At national conferences, Tripp “reigned supreme,” Silverman said. Surrounded by students and colleagues, the professor explicated novel theories on student development and advising.
“Phil (would bring) together in one place the brightest and best of emerging professionals with other very senior colleagues and, in the process, stir things up,” wrote Harry J. Canon, a former ethics chair for the American College Personnel Association. He was “a professional who cared deeply about students and the future of higher education, and ultimately, a mentor without peer.”
Romantically, I thought that I could make a difference. Realistically, it was a lot harder than I thought. – David Ives
Tripp and Silverman coached Ives about leadership, problem solving, effective communication and looking at all sorts of organizations, not just universities, in metaphorical terms.
Silverman assigned Zen and the Art of Motorcycle Maintenance to graduate students. Just as the characters struggled to find balance between romantic, Zen-like viewpoints and rational, hierarchical thinking, students had to find practical ways to solve problems they protested against.
Veterans poured onto campus after tours of duty in Vietnam. As part of his master’s work, Ives counseled those with post-traumatic stress disorder at the Open Door Clinic. He also manned a suicide prevention hotline.
Ives’ graduate paper centered on his metamorphosis from a small-town preacher’s son in the ROTC to a street-smart kid demonstrating for peace in scuba gear.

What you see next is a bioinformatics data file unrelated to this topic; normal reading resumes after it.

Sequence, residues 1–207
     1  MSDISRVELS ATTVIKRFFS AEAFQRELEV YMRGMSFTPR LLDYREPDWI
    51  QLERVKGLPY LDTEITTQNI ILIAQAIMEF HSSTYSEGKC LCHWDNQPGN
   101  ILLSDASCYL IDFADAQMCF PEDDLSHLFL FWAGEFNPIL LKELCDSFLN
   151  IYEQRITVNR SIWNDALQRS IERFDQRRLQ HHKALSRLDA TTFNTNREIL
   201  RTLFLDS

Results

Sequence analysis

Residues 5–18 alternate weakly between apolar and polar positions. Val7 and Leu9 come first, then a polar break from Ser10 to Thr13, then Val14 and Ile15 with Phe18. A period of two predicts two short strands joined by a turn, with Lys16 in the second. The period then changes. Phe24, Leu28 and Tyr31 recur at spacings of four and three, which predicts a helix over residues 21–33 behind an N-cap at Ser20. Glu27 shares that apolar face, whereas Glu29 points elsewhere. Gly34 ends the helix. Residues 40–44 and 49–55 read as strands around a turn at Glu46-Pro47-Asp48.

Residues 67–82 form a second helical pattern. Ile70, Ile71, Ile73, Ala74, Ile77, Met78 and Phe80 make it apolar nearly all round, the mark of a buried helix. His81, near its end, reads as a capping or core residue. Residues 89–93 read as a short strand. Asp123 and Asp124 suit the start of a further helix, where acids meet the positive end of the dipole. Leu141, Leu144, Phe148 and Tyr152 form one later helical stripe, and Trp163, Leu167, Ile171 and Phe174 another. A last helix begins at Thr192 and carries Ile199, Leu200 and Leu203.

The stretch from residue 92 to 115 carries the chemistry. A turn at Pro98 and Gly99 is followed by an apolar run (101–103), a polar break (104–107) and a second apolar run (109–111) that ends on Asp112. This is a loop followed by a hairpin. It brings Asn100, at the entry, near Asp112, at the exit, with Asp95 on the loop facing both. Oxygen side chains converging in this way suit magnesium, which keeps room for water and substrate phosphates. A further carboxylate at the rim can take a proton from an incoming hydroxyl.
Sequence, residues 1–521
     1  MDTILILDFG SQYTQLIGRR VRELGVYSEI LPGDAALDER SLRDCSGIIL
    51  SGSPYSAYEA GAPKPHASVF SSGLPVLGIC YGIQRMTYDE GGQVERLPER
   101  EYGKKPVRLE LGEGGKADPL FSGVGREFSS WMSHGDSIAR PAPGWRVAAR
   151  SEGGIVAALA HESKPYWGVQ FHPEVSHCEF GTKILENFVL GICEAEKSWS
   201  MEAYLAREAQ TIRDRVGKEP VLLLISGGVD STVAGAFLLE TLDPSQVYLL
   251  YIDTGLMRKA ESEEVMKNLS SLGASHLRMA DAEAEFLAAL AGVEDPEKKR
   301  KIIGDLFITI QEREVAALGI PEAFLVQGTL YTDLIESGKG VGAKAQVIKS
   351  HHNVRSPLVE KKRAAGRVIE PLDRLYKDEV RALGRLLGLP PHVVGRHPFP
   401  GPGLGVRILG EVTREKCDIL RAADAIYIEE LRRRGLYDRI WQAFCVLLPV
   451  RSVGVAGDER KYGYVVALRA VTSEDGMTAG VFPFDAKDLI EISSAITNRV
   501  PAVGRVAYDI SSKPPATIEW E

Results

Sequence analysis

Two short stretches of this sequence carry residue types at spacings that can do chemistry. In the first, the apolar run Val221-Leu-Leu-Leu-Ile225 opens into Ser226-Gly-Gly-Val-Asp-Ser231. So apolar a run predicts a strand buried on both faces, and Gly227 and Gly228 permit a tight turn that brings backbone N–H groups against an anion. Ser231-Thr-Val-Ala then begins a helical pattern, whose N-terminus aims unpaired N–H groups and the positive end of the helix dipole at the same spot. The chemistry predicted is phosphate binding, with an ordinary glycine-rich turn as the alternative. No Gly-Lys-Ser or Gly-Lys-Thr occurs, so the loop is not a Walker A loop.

“My values were formed in that period from 1971 until I joined the Peace Corps in 1981,” Ives said. “I was changing the whole time.”
Seeing poverty’s outcomes firsthand
In Costa Rica, Ives ran an agricultural program and measured the height and weight of babies starving because their families were forced to dilute infant formula. A baby died in his arms as he attempted to rush her to a clinic via a rowboat at sea.
“That little face is right here all the time.” Ives waved his hand in front of his eyes. “I got her to the doctor; he pronounced her dead but I’ve never gotten over it, which is why I do what I do.”
On rainy days, he reread Motorcycle Maintenance and other political tomes. With his professors’ ideas still knocking around his head, he came to a determination.
“Romantically, I thought that I could make a difference. Realistically, it was a lot harder than I thought.
“There was a larger issue,” he said. “I realized the Peace Corps was an anticommunist measure. I thought it was based on helping others in need.” But as he studied the issues, Ives found much of the need itself was caused by U.S. policies implemented in Central and South America in the 1940s, ’50s and ’60s.